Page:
NaPoWriMo Day 26: Alex Russell – Urban legends

A welcome return by one of the first guests on Poetry Non-Stop Alex Russell. They invite us to look at urban legends from today’s NaPoWriMo poem.

Retell an urban legend in an everyday, mundane way.

Take that in any direction which feels right, but if you;re stuck and need a starting point: How would it be different if it was told from another point of view or focus? If the supernatural element was a metaphor or misunderstanding? With a different amount or placement of sympathy?

The Largest Man in Arkansas

I wish I had a better answer, but I’ve wracked
my brain all I can, and I really think my favourite
place is The Bait Shack – that dive bar that draws in
all the conspiracy theorists. No idea how you get
a reputation for this sorta thing, but they got it.
Last night I talked to a salt and pepper preacher
about mosquitoes for an hour. Big, messy tales
of two huge skeeters eating a lumberjack’s horse
in two bites, leaving nothing but a shredded saddle
‘til they spat out the shoes. Last time he told it
the lumberjack was the same but they ate a cow
and used the horns as toothpicks. When people
find out this is my favourite way to spend a Friday
night, they figure I’m mocking the clientele. Nobody’s
ever assumed I believe it. I mean, I don’t, but still.
Truth is, I like being around the passion. I want to see
someone wave their arms around with their story,
doubly so if they’re so excited to tell it they don’t know
you’ve heard it from them before, because what are
the odds? People don’t come back. You get one time
and Lord best believe you’re gonna make it count.
But I love to hear it. I want that fire in their eyes to
melt me, I don’t care what it’s about as long as it’s
not hurting anybody. When’s the last time you saw
someone enthused about something that didn’t have
a body count? I only get that here, and it makes me think
I could find it too. One time I got asked to guess the size
of a creature’s claws and I held my hands out about
a foot apart. He put down his drink hard, took them firm
and moved them for me, spread them out twice that, showed
me forcefulness without cruelty for the first time. My hands
moved in his so quick and I’ve been searching for the right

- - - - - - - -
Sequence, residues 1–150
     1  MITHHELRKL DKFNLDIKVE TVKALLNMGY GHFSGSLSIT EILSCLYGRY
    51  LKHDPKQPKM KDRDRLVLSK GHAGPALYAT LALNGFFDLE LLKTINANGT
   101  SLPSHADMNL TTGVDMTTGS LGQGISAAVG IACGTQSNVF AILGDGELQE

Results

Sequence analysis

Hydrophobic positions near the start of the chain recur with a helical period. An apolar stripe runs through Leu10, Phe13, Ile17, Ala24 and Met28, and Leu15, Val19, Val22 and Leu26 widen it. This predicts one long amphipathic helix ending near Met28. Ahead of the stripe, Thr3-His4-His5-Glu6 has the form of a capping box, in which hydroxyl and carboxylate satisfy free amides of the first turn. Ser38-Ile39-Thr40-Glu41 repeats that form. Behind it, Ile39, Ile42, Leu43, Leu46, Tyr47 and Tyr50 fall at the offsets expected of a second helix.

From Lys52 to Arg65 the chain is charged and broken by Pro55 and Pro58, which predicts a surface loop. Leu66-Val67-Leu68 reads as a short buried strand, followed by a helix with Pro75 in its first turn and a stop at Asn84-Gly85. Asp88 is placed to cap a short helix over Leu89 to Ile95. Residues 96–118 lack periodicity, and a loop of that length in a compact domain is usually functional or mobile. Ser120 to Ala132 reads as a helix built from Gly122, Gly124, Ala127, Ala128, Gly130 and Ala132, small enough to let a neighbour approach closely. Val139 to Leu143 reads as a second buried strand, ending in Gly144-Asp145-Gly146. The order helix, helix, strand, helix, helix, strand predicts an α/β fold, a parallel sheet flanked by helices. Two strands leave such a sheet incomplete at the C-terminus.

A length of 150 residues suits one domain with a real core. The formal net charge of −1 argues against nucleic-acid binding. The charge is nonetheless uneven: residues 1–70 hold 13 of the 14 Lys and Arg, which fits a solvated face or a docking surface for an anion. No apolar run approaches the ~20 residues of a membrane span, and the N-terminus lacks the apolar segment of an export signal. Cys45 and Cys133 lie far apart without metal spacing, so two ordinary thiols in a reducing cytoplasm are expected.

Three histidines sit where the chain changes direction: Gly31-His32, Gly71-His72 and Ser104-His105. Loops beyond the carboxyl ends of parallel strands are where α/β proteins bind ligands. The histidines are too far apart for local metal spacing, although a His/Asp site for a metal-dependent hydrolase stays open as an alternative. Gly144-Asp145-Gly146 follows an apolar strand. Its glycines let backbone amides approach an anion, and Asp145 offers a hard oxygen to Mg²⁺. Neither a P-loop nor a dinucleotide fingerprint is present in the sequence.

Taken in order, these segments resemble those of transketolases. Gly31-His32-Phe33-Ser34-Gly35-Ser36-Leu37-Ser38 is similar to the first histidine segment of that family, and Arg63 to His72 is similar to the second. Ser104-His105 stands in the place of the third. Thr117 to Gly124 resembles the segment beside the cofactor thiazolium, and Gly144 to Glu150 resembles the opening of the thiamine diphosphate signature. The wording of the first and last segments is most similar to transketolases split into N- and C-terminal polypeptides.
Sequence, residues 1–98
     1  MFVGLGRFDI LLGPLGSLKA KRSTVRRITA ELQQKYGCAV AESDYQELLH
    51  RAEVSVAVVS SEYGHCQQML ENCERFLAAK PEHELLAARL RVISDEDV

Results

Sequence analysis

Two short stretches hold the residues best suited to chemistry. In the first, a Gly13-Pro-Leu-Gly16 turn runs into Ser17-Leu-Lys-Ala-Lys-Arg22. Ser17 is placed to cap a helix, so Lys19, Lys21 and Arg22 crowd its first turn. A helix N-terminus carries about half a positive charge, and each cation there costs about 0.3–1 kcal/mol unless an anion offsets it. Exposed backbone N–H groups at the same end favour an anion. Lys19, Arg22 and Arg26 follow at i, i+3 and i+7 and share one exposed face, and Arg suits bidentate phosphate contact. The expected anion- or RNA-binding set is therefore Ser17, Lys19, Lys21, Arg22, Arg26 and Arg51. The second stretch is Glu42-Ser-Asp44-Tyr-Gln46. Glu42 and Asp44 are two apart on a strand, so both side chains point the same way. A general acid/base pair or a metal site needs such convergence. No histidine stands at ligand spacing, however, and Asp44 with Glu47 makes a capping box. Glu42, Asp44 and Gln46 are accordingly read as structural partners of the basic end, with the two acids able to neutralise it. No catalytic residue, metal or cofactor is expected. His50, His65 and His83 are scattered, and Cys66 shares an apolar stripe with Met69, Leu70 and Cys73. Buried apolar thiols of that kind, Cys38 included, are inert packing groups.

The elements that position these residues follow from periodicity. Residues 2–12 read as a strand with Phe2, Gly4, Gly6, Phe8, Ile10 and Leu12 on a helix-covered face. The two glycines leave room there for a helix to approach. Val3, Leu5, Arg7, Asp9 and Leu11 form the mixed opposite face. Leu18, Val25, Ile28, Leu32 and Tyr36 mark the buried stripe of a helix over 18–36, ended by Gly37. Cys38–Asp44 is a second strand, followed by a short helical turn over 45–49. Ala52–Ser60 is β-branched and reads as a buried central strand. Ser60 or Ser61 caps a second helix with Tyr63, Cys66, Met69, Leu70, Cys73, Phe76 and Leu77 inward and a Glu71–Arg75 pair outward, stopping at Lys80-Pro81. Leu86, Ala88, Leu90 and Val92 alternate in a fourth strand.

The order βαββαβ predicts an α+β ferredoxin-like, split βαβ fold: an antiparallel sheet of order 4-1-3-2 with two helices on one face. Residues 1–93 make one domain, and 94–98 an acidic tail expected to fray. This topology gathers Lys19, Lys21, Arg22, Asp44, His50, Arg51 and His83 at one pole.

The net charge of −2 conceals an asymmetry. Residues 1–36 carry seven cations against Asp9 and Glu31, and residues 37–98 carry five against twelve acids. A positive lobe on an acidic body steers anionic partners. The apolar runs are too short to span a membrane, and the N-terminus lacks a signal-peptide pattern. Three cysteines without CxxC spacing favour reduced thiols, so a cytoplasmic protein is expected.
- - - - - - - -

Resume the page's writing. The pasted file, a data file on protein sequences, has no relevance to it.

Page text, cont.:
word for it every night since. If “grab” were a little more tender,
I’d be close. Anyway, this evening he told me about Bill
Jenkins, the largest man in Arkansas, carried away into
the night by a pair of skeets. I think I’m jealous.

Alex Russell

Alex Russell is a nonbinary poet and editor at Placeholder Press. Their pamphlet ‘stories in which’ is forthcoming from Really Serious Literature, and their micro-chapbook of poems inspired by cryptozoology (which this prompt is based on) is available for free from Ghost City Press

Placeholder Press is coming back from a hiatus, and will start doing free workshops, open mics and writing support sessions from May. Alex would love to see you there. 

If you’d like to be involved, details will be announced on their social media at @readplaceholder and on www.placeholderpress.co.uk, where you can also find wonderful poems to enjoy and use as inspiration for your poetry month practice.

Please share your responses to today’s prompt either in the comments or via email. The best submissions will be featured in future podcasts.

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Books by many of the poets featured on the podcast are available from the Poetry Non-Stop bookshop here. All books purchased via this link help to raise money to keep this podcast going.

Episode Six: Alex Russell Poetry entrepreneur

In this first series we have heard many wise words about the craft of writing poetry but all that anyone really needs to know is: How does it make you money? Alex Russell is a poet, performer and creative entrepreneur. In this final episode in the first series of Poetry Non-Stop he talks about some of his innovations in poetry including poems for TV ads, automatically generating poetry with a predictive text bot, looking for love in the lonely hearts ad section of Craigslist and selling poems sealed in jars as poetry preserves.

Alex’s writing prompt is to identify and exploitable market and exploit it through poetry using one of Alex’s ideas or one of your own. Patrick responds with an advert for a popular soft drink in the form of a villanelle.

Please submit your poems here or share on social media using #poetrynonstop. You can submit poems for any of the prompts from the first series and those received before June 27 might be published on the blog and possibly featured in a future podcast.

To learn more about Alex check out his Facebook page.
You can get his chapbook (name your own price) here.
Write predictive text poems here.

Alex Russell – i am going to paint tim burton’s house hot pink in the dead of night

The final guest of the first series of the Poetry Non-Stop podcast is Alex Russell, an imaginative and often unpredictable poet and performer in Norwich. He will be discussing some of his innovative works and how you can use poetry to make a living. Here he is in action at The Bird Cage in Norwich.